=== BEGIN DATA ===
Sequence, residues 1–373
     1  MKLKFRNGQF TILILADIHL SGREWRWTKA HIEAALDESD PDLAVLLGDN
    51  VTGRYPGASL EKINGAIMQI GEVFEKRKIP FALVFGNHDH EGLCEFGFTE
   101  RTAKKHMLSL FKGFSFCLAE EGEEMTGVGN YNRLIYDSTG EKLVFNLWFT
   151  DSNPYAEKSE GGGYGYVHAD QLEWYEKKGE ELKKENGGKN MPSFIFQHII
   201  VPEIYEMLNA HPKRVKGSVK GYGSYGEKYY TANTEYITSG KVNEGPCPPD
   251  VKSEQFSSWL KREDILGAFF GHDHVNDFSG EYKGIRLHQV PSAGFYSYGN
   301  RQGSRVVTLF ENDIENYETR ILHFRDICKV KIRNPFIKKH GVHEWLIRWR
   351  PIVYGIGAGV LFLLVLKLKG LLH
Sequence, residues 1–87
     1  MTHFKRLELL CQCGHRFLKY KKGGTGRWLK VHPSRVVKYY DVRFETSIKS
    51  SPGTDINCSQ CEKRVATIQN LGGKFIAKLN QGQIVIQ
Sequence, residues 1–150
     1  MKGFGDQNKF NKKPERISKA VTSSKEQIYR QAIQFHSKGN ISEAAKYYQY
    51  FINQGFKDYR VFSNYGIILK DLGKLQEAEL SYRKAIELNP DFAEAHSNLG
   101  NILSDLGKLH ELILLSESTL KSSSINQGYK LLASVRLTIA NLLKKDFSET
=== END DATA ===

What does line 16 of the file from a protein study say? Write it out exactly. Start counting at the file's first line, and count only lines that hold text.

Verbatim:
   101  NILSDLGKLH ELILLSESTL KSSSINQGYK LLASVRLTIA NLLKKDFSET